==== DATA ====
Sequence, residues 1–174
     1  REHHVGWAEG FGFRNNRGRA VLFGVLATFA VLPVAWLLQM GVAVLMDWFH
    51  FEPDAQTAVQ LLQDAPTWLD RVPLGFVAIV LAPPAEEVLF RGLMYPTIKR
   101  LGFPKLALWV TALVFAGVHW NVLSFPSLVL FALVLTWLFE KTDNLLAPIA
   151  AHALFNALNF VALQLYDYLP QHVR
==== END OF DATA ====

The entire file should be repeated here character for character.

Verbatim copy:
Sequence, residues 1–174
     1  REHHVGWAEG FGFRNNRGRA VLFGVLATFA VLPVAWLLQM GVAVLMDWFH
    51  FEPDAQTAVQ LLQDAPTWLD RVPLGFVAIV LAPPAEEVLF RGLMYPTIKR
   101  LGFPKLALWV TALVFAGVHW NVLSFPSLVL FALVLTWLFE KTDNLLAPIA
   151  AHALFNALNF VALQLYDYLP QHVR